Tuesday, December 23, 2008
Stumbling down my hilly street after a snowstorm today I started thinking about earthquakes. Not that I am expecting one, but all emergencies have certain things in common.
Stewart Brand created the Whole Earth Catalog and Whole Earth Review - essentially creating an empire on the concept of "Access To Tools." When the Loma Prieta earthquake struck he was in the Marina district of San Francisco. He parked his car and ran off to help - leaving all of his valuable equipment in the trunk. So much for access to tools.
Afterwards, everyone rushed to congratulate and reward heroic rescuers like Brand but, he noticed, no one asked them what they had learned from the experience.
So he did ask and the results were the best article I ever read in Whole Earth Review. I am pleased but not surprised to see that it is available on the web.
If you don't have time to read the whole article, flip to the last page where the lessons are summarized. It could save your life, or help you save someone else's. As I suggested, some of them apply to any emergency. For example:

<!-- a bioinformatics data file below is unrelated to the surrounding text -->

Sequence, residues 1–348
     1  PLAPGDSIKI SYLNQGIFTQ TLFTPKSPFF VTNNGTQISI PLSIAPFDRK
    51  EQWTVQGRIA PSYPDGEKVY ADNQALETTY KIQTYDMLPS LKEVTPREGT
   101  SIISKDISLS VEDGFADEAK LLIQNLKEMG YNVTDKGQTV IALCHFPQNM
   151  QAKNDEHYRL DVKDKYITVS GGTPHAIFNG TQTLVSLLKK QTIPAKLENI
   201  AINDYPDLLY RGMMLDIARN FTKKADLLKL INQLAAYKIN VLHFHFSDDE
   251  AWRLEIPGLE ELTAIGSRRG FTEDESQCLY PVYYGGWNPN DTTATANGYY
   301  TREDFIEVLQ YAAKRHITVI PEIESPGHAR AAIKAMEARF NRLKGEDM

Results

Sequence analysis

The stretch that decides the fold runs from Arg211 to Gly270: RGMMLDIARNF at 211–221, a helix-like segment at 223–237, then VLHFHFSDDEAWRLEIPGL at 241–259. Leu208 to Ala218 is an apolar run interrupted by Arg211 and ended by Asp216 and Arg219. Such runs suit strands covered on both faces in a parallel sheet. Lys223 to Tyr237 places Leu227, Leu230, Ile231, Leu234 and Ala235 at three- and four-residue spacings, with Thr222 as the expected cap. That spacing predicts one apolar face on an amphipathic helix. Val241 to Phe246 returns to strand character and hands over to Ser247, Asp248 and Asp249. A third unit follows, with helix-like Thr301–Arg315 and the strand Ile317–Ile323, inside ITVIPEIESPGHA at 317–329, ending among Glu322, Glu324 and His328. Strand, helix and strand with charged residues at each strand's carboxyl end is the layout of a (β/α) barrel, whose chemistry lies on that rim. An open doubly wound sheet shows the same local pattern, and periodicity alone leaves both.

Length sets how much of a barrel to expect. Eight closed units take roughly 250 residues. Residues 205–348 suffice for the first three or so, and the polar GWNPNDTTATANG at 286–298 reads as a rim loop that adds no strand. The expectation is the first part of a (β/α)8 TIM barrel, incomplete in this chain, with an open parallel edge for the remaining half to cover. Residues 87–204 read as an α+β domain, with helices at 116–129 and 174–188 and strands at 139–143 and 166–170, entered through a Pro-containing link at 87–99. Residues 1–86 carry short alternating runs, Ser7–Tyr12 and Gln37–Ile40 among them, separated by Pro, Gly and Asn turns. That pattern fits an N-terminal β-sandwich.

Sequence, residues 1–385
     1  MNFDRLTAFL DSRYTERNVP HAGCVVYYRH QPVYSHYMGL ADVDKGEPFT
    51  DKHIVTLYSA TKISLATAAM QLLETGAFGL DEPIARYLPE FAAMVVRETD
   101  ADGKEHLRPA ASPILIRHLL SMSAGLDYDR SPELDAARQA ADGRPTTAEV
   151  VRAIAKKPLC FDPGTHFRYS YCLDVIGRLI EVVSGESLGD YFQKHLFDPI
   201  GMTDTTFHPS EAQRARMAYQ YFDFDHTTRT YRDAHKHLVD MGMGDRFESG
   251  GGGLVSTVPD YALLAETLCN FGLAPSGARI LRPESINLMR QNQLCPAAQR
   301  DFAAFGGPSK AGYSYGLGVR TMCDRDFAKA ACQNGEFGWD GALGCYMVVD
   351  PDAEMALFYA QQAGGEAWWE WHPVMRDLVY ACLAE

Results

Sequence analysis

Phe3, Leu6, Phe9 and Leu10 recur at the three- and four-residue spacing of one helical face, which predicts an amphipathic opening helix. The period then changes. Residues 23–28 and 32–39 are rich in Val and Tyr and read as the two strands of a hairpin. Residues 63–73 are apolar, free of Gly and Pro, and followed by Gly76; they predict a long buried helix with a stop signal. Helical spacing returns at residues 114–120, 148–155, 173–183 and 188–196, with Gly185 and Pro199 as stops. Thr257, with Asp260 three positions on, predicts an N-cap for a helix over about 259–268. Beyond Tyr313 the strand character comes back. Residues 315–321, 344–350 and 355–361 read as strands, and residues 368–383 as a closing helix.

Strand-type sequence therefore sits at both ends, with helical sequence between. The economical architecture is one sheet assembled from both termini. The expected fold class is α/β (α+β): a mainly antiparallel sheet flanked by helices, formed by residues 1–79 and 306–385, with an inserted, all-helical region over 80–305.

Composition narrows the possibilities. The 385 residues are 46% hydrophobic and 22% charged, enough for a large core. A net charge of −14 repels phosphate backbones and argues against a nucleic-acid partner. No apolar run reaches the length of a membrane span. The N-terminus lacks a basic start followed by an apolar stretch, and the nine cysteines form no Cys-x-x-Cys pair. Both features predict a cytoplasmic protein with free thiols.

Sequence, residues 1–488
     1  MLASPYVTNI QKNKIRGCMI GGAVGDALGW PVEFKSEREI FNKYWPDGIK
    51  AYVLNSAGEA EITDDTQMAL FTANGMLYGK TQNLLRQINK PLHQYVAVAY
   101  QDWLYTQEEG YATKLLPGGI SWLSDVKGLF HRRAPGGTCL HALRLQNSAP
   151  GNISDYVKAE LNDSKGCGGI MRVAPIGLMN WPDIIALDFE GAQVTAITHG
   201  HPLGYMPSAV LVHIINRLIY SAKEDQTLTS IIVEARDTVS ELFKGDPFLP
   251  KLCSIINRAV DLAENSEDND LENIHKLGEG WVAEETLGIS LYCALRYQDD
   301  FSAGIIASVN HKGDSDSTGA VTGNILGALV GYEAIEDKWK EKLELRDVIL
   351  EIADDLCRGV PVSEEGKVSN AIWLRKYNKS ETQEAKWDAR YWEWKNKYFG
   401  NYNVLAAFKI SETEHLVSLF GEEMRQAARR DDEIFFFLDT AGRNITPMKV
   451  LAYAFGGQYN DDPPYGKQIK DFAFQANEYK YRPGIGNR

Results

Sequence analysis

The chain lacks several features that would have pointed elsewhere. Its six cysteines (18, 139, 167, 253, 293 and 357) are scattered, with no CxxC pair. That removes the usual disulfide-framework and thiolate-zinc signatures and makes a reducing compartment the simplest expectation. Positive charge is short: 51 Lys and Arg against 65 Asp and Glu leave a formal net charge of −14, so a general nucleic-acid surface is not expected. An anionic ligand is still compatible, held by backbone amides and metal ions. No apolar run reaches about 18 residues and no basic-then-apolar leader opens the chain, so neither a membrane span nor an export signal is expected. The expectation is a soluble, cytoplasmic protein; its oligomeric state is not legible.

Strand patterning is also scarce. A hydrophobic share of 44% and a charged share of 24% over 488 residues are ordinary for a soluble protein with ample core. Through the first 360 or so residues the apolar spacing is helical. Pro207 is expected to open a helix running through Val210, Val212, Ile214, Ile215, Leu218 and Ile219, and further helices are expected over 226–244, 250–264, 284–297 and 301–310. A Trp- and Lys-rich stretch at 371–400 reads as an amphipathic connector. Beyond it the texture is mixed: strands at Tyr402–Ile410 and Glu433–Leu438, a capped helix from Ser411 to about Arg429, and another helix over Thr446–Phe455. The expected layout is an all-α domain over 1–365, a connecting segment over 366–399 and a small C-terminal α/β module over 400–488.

• Give people who are trapped all the information you’ve got, and enlist their help. Treat them not as helpless victims but as an exceptionally motivated part of the rescue team.
• Most action in a disaster is imitative. Most effective leadership is by example.
• Bystanders make the convenient assumption that everything is being taken care of by the people already helping. That’s seldom accurate.
• Collect tools!
Friday, December 5, 2008
Okay, this is brilliant and I need one immediately. If the names on the map above look a little odd it is because this is from the Atlas of True Names, an etymological guide to place names. For example, the name New York means New Wild Boar Village. As several people have commented, the names in Europe sound remarkably like they come from Middle Earth.
The two Atlases (World and Europe) haven't been published in the U.S. (United States of the Home Ruler) yet. I want 'em.
Thanks to the Map Room for pointing this out and Spiegel for the illustration.